FORT MYERS, Fla. -- Jose Iglesias is getting a chance to audition this spring, and everyone is watching intently.
The shortstop, who led off Monday's game against the Twins, made something happen in the top of the fourth when he dropped down a bunt single and stole second. He also walked once, struck out once and turned a nifty 6-4-3 double play with second baseman Oscar Tejeda.
"The double play was a very well executed play from both sides," said manager Bobby Valentine. "Iglesias is learning that he needs to be the sure man so that the guy at second can be the quick man. That throw was sure. It wasn't real flashy or real fast. He just got it and made the perfect throw, right at chest high, so that Oscar could turn that ball the way he did it. And you give Dustin [Pedroia] a good feed, he's going to turn it every time."
The speed in which Iglesias develops his offense will determine how quickly he makes it to Fenway Park for good. Iglesias already has all the defensive skills to play in the Major Leagues.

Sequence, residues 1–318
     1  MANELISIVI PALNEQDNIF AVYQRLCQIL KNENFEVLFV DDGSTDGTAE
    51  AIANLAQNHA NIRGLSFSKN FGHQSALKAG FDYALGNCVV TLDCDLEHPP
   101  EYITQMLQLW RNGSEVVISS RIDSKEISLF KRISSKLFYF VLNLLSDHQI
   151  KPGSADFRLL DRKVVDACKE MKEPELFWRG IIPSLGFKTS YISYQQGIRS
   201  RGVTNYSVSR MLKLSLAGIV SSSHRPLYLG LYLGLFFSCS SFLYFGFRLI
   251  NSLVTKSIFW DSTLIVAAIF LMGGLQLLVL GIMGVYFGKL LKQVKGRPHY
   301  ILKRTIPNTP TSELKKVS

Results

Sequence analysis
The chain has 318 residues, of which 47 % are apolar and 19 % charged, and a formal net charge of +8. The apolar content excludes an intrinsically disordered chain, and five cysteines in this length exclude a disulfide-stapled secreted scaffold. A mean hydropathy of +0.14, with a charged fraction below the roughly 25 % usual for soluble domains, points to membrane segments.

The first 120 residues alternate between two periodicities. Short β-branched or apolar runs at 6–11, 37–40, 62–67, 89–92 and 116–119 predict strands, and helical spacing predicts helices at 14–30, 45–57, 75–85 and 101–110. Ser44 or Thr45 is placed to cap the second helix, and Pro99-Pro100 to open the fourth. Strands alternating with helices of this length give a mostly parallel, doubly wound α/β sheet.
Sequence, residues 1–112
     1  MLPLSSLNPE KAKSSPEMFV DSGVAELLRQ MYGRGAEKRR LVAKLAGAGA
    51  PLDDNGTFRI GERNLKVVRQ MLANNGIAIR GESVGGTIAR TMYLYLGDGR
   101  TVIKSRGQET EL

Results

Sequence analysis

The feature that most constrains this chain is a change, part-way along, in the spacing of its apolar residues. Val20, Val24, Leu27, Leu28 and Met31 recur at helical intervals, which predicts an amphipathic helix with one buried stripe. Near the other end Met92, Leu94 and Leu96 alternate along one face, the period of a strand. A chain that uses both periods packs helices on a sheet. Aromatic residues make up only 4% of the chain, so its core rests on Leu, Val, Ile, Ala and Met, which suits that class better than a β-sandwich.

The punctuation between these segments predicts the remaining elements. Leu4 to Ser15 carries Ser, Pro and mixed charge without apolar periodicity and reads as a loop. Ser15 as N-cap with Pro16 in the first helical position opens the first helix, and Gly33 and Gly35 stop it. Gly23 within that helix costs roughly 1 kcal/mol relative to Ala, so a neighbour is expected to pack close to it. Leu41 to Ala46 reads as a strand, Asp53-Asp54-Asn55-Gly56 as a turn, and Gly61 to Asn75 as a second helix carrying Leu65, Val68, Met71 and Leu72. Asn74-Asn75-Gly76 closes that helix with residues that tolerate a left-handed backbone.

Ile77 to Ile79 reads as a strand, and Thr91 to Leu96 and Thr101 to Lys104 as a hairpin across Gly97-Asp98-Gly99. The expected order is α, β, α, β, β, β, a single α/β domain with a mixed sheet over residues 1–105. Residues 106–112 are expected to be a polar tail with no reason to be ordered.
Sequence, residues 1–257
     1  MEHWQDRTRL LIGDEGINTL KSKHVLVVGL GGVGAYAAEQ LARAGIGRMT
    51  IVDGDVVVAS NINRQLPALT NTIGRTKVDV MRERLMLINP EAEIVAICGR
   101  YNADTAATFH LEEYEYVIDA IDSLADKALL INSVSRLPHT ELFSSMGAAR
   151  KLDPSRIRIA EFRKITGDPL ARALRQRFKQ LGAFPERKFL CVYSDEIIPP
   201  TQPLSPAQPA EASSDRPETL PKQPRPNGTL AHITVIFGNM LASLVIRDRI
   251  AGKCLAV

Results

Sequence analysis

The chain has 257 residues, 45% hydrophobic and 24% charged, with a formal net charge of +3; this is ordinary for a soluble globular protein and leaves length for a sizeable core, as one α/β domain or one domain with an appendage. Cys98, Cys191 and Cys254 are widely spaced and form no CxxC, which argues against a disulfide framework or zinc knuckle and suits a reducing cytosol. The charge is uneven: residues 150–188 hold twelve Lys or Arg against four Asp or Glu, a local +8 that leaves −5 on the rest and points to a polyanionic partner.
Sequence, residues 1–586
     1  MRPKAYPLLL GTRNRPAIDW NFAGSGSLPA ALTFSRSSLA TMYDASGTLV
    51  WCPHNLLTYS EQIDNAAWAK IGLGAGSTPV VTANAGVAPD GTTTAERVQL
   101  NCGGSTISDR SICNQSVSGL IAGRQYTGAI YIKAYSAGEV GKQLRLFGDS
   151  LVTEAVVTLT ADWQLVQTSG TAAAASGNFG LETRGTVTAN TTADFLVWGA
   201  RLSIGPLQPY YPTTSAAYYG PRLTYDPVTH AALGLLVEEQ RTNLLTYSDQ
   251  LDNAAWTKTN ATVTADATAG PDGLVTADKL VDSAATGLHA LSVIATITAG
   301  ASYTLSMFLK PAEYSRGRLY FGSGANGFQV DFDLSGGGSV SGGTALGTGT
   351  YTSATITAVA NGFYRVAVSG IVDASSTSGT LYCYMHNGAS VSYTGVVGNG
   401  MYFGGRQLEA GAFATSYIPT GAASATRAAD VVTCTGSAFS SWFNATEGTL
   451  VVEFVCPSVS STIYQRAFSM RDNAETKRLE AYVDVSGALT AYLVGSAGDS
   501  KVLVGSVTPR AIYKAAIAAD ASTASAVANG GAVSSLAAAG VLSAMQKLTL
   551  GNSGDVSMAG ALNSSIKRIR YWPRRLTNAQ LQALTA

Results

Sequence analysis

"I don't think that his technique is what it needs to be yet," said Valentine. "If we start adding just a little more technique, a little more rhythm, a little more something to give him the ability to recognize the pitch a little earlier so he can time it when he gets to the plate, he might be close."
Valentine has been impressed by the attitude Iglesias has displayed.
"Iglesias has been outstanding on my watch," said Valentine. "I haven't been in that cage with him," Valentine said. "I'm not totally sure what's going on there, but I know it's proper. I don't know what his aptitude is from there to the game. If step-by-step is happening there, and that's what I'm seeing in the game, I think it's very good. If it's a regression from there into the game, then the aptitude isn't what it should be."
The manager also enjoys watching Iglesias pursue popups.
"He has a special tracking device on fly balls -- unique to very few from what I've seen so far," Valentine said. "And he has a special ability to transfer the ball from the glove to the hand. That's all I've gotten to see. I don't know about specialness moving off the bat and range and game awareness and those things. He can transfer the ball from a longer distance than just about anybody I've ever seen. And he has that GPS in his mind. He can track a popup."